Helping People Deal With Change

by James Rudy Gray

Some personalities embrace change while others are fearful of even the slightest change. Change, however, is something that we encounter throughout our journey on earth.

It is inevitable and it is real. Change happens. The issue affecting most people who are bothered by change is not really the change itself but how to deal with change.

Counselors and other people helpers seem to agree that if we are going to effectively help people deal with life issues, we must help them in three fundamental areas: how they think, feel, and act. These are three things everybody does. We all have a tendency to rely more heavily on one of these. Our personal "firing order" may be to think first, to react with feelings, or to jump into action.

As a Christian who is a counselor and does Christian counseling, I am convinced that the order of these three-thinking, feeling, acting-is a key in helping people. Our thoughts influence our feeling and our behavior. When we change how we think, we can change our feelings and behaviors. But for some people even the idea of changing their thoughts is threatening. Their perception of change is distorted. They take security in the routine or predictable. They like things to be stationary or familiar. Their outlook is colored by their feelings more than by their thoughts. Actually, they do realize that things have changed, because they often long for something in the past.

This is where genuine faith is so important. Faith is not always a golden key to health, wealth, and happiness. It is the best way to live. It does please God (Heb. 11:6). We are saved by grace through faith (Eph. 2:8). Faith is the channel through which impossible things can happen. Jesus said if we have the faith of a mustard seed we can see a mountain move. We can see things differently through faith and we can overcome obstacles and difficulties through faith. In 2 Corinthians 5:7 we are told that we "walk by faith not by sight." It is easy to walk by faith when no faith is required. It is easy to walk by sight and call it faith. But, it is only by really living with faith in Christ and His Word that we have the confidence and courage to effectively deal with change.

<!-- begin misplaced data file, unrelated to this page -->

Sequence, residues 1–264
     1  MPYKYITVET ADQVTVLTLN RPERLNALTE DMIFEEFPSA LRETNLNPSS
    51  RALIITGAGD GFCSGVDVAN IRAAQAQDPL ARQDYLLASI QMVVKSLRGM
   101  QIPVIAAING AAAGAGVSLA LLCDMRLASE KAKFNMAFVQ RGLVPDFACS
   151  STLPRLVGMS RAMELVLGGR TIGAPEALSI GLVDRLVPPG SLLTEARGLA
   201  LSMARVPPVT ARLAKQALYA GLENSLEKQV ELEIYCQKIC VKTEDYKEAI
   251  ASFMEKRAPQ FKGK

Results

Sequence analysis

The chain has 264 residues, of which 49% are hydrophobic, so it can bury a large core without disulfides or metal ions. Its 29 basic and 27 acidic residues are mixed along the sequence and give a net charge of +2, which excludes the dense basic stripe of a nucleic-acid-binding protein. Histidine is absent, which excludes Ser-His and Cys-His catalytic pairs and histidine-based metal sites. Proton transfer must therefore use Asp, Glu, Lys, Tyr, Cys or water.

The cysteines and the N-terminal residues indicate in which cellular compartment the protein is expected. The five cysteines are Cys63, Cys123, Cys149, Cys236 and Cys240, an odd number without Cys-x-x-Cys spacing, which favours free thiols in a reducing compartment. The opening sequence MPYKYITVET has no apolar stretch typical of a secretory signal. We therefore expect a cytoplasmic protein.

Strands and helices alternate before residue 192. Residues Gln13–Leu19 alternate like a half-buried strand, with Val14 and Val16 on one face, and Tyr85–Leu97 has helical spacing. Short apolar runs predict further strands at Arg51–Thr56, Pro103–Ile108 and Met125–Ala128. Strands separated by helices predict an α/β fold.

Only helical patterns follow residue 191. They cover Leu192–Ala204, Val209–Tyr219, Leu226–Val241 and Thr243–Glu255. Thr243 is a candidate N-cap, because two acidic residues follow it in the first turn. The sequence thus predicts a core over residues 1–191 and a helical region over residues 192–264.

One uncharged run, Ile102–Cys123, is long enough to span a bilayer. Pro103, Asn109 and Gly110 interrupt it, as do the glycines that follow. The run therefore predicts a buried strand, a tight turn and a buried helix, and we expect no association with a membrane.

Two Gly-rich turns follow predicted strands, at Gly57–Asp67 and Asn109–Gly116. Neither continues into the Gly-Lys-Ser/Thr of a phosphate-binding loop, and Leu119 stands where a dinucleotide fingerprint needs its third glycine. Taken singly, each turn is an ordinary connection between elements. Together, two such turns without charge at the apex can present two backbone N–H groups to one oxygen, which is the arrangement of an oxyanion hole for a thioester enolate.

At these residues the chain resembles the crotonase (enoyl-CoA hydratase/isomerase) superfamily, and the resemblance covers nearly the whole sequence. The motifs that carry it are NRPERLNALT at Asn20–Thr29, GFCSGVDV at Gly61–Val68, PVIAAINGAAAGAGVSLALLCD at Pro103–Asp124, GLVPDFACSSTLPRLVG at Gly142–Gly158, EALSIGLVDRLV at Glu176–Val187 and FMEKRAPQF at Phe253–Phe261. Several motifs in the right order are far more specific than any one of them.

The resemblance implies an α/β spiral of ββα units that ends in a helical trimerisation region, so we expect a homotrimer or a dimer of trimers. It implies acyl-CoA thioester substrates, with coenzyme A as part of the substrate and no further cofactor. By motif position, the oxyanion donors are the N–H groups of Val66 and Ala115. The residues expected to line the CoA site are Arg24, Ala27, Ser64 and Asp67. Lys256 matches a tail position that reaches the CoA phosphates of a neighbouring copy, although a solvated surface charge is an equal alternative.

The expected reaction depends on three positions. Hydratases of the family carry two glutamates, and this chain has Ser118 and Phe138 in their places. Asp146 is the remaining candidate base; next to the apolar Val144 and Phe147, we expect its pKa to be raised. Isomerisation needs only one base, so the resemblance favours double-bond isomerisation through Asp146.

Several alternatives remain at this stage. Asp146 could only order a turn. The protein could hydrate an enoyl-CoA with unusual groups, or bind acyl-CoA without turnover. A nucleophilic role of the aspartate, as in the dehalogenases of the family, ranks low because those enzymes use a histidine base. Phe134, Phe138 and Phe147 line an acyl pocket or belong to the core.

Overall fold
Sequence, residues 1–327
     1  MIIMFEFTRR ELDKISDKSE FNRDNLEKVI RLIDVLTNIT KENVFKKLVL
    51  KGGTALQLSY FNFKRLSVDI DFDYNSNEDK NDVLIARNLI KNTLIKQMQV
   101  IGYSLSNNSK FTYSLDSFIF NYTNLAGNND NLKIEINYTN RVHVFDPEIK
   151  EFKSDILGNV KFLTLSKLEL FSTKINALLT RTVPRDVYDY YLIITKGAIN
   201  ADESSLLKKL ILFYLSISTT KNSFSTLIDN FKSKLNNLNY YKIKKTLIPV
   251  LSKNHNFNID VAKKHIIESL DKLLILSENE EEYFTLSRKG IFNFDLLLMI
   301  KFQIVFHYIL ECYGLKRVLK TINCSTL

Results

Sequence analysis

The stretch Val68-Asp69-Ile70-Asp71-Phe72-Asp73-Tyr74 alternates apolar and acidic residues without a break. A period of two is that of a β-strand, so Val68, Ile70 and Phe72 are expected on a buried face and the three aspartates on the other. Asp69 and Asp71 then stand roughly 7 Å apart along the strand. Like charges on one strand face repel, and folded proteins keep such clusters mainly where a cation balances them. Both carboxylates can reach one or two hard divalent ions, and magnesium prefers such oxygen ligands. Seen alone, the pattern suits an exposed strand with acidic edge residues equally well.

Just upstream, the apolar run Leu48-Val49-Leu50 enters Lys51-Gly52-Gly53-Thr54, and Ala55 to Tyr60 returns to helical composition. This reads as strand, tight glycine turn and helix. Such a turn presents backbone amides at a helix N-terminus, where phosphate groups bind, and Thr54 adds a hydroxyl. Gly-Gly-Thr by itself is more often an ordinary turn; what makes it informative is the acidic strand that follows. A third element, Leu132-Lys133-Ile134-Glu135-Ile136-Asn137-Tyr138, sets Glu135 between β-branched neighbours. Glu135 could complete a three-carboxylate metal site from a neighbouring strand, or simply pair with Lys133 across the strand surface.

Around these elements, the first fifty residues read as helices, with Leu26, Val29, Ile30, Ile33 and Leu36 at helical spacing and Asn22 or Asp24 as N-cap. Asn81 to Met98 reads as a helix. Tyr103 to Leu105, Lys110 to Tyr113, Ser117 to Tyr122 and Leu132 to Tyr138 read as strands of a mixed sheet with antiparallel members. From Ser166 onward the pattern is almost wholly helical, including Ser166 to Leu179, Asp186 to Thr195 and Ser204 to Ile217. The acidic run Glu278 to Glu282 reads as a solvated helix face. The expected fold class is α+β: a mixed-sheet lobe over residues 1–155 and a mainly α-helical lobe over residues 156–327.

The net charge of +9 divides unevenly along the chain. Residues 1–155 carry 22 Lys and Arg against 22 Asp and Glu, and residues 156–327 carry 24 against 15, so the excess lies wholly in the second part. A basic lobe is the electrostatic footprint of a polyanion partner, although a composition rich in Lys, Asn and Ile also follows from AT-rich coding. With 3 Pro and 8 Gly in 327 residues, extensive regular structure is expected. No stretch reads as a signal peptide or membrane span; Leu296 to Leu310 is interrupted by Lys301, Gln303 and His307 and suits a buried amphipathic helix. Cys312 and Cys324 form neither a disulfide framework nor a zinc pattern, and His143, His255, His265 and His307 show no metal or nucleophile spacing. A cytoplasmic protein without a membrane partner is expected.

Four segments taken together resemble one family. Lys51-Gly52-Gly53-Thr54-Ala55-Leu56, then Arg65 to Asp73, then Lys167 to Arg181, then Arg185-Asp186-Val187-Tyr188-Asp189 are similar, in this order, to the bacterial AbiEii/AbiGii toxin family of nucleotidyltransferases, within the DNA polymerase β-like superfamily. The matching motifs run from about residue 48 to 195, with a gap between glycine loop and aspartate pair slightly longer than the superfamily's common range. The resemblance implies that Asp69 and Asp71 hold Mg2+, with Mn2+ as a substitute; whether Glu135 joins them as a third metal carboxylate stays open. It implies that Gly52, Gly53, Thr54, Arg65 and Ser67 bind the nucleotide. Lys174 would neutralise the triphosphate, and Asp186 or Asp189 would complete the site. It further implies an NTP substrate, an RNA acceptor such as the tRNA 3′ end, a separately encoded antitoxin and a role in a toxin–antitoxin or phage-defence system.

The media kept repeating the message after Sept. 11, 2001: "The world as we know it has changed." The world has always been changing. We have always been changing. We will continue to change, whether we accept it or not. The most comforting foundational truth we can help people understand is that God does not change. He is the same yesterday, today, and forever. So our faith in God is not just a resource for dealing with change but the source for dealing with change.

Everyone who is living is faced with changes throughout his or her life. The fact of these changes is not as important as how we interpret the changes. If our God is the Sovereign Lord, then no change is outside His ultimate control. If God is in control, we do not need to be! This is most likely the real problem underlying the fear of change: control. People who dislike change are usually people who need to feel that they are in control of their lives. A psychiatrist once noted, "The only sane people are those who know they are not in control." That does not mean we are not responsible for our actions or not accountable to God. It simply means we are not in control. God is.

Our circumstances and our lives are changing. God does not change. By trusting in the perfect God who does not ever need to change, we can find security in the changing cycles of life.

People who come to us for counseling are often in a crisis. During a time of crisis counselees are more likely to make major lifestyle changes than at any other time. They may already be feeling insecure, fearful, and anxious. Change is not going to be the most difficult task they face. How to change will be the issue. If they can know that God does not change and we are always changing, they can find a foundation for hope. From that foundation, the principles of faith can provide the encouragement and the Holy Spirit can minister the motivation for not only personally changing but dealing with the changes of life.

James Rudy Gray is certified as a professional counselor by the
National Board for Certified Counselors, and is a member of the
American Association of Christian Counselors. He pastors
Utica Baptist Church in Seneca, S.C.

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